POSTED ON JULY 23, 2012 BY JOE BISH ARTIST: SBTRKT
SBTRKT is a serious guy these days. Have you seen his live set up? Pretty full-on isn’t it? Live drums, live vocals with Sampha, live keys, live lots of things! It would be interesting, then, to see how he pulls off this digitally meshed-up new track Gloss, which he’s just uploaded to his Soundcloud. It’s very dreamy and happy, like the halfway point of being awake and alert and being sedated with delicious morphine. What do you guys reckon? We reckon we like it, that’s what we reckon.
MAY 27, 2012 AT 2:37 AM
(Bryan Mitchell/Special to The Detroit News)
Detroit — The three-day Movement festival kicked off its 13th year on Saturday with a crowd of 30,703 at Hart Plaza, according to organizers.
That figure is down from the 34,820 who packed the festival’s first day in 2011, when artists such as Richie Hawtin, Felix da Housecat and Skrillex performed at the festival. Saturday’s lineup was topped by pioneering Chicago house DJ Lil Louis, British drum and bass artist Roni Size and London producer SBTRKT (pronounced “subtract”).
Afternoon crowds felt especially light on Saturday, possibly due to early showers and a forecast that threatened temperatures into the 90s. By nightfall, however, crowds picked up, with Lil Louis playing to a packed main bowl and Roni Size commanding a healthy crowd at the Red Bull Music Academy Stage.
The festival comes at a time when electronic music is making a huge surge in pop music, as artists and DJs are enjoying a stature akin to rock stars. At last month’s Coachella festival, electronic dance music, or EDM, all but took over the festival, with artists such as David Guetta and Swedish House Mafia playing to crowds as big as or bigger than those from artists like Radiohead and the Black Keys.
Movement organizers made a point to not follow the EDM trend with this year’s lineup, choosing to focus on the roots of electronic music and not its current commercial successes. Hip-hop pioneers Public Enemy headline the festival Sunday night, and Detroit’s techno “Wizard” Jeff Mills drives the fest home on Monday.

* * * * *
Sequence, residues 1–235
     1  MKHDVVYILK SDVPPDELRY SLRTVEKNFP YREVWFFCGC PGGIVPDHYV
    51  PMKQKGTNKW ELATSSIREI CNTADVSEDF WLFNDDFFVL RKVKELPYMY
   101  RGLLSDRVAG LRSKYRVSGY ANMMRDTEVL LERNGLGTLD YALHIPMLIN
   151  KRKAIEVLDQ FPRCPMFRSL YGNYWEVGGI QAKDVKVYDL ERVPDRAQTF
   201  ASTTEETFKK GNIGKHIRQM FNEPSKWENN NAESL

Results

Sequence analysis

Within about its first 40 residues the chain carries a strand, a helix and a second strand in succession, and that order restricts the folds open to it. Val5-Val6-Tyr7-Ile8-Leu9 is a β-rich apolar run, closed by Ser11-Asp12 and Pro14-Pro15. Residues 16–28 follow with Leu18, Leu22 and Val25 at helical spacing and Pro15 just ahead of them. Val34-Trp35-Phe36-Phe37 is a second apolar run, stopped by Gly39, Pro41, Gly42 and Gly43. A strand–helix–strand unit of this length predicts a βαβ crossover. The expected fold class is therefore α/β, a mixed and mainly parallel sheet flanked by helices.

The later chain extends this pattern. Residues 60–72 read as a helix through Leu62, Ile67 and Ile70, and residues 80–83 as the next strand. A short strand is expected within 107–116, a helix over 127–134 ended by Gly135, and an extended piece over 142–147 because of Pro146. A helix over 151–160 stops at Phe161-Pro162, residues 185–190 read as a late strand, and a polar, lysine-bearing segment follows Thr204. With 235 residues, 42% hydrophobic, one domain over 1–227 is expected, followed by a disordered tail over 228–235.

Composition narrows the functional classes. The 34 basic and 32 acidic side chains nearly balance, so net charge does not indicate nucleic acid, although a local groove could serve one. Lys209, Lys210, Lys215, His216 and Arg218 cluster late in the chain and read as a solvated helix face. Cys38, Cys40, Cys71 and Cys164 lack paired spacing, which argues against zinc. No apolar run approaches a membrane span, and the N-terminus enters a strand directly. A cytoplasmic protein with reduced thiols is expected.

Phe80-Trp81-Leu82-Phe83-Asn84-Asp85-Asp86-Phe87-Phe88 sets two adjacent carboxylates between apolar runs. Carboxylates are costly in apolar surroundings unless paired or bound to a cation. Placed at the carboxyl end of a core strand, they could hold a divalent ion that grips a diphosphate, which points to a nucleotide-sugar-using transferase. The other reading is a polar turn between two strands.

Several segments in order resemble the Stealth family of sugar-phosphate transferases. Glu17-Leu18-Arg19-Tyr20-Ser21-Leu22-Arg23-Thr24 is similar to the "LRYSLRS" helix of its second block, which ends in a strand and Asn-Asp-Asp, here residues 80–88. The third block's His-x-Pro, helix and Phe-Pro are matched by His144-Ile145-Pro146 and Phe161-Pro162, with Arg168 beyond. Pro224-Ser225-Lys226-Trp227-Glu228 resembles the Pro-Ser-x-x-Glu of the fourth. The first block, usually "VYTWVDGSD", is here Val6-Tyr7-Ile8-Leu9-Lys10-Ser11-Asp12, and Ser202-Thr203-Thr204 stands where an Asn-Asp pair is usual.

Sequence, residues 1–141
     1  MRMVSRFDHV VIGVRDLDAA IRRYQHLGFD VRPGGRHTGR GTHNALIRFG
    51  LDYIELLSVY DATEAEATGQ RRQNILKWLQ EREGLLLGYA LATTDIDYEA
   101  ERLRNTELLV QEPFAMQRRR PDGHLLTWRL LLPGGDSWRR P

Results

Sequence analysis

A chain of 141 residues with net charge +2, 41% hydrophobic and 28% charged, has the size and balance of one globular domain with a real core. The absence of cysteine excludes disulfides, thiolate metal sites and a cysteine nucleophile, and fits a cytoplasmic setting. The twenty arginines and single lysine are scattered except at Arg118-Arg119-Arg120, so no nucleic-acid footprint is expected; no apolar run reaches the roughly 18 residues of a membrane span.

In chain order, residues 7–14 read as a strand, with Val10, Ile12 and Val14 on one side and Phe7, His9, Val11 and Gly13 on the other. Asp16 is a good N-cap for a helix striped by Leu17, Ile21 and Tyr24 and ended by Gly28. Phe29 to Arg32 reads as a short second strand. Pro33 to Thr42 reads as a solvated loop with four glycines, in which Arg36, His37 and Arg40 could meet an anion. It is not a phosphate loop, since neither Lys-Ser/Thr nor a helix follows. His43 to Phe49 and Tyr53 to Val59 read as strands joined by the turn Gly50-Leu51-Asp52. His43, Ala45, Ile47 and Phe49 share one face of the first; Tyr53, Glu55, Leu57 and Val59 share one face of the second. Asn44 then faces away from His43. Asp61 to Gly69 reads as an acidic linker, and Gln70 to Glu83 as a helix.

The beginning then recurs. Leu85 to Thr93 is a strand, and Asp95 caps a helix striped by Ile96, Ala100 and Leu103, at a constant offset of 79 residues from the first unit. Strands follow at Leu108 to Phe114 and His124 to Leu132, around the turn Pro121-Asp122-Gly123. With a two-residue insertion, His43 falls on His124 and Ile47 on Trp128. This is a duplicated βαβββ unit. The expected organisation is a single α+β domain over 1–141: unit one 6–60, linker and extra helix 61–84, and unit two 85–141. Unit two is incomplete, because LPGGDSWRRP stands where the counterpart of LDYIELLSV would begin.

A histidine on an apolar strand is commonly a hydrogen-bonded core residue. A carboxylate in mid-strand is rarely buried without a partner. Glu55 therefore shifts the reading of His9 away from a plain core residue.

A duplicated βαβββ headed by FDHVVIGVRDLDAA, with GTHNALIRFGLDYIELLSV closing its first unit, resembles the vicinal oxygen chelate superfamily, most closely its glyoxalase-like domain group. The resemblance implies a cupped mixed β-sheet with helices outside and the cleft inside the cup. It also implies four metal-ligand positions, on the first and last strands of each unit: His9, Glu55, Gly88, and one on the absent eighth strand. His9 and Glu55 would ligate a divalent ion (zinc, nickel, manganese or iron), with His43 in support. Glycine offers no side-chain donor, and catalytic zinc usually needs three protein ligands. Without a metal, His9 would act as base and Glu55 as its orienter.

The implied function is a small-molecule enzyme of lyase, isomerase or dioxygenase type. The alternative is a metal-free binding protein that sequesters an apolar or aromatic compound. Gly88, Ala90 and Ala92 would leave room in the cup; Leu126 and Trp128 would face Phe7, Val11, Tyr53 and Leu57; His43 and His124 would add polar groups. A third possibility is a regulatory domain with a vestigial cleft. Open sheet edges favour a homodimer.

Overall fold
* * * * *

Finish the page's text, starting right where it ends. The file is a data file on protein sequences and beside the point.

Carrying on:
With beats pounding from five stages, there was no shortage of options to move to on Saturday. But for those looking for a break from the techno and house sounds on the Beatport, Made in Detroit, Underground and Main stages, the Red Bull Music Academy continued to offer the most adventurous bookings.
Saturday’s highlights included North Carolina duo Two Fresh, a pair of DJs and rappers whose sound is augmented by live drummer Colby Buckler, and British producer Photek, whose sunset slot whipped up the crowd into a convivial party vibe. SBTRKT’s heady post-dubstep was a bit difficult for the ready-to-rage Red Bull crowd to handle, but Roni Size gave them the hard drum-and-bass edge they needed to mosh — yes, there was a mosh pit for most of the set — away their aggressions.
Amazing lenticular SBTRKT - Hold On 12”s now in!! Apologies for delay at the plant…. Get them here http://tinyurl.com/d7wccll
Released May 7th 2012
1. Hold On
2. Ride to Freedom
3. Hold On (Sisi Bak Bak Remix)
(12” Limited Edition Lenticular Vinyl/DL)
I only was able to catch the last song of SBTRKT’s Coachella performance this year, as they played at the same time as Miike Snow. It was a tough decision, but I knew I would be covering them at The Independent as soon as I got home on Monday. They did not disappoint.
SBTRKT is primarily recognized as a solo act. Aaron Jerome started in the London club scene, gaining recognition as a prominent DJ. Things changed however when he decided to begin recording his own material, as Jerome added recording mate Sampha to record vocals and perform during their live shows. The two use a combination of live instrumentation, live vocals, keyboard sampling, and electronic drums. They use a dark, but inviting silhouette-based lighting setup that removes them as the primary subjects, and makes them more of a staple of the overall scene. Their use of sharp and lively melodies and triggering creates a tone that leaves you grooving in the moment-and recalling it hours later. Their debut full-length, Young Turks was released in June of last year, and has been well received seemingly by everyone who has had the opportunity to hear it. Their sound was amazingly full for having only two performers, which was complemented by their noteworthy musicianship. The name SBTRKT signifies the subtraction of their individual identities within their music, which they hope will allow listeners to decide for themselves what they think of their work. If you haven’t had the chance to hear their music, have a listen.
-Written and photographed by Darryl Kirchner
Check out all photos:
By: March 28, 2012 at 4:00 am|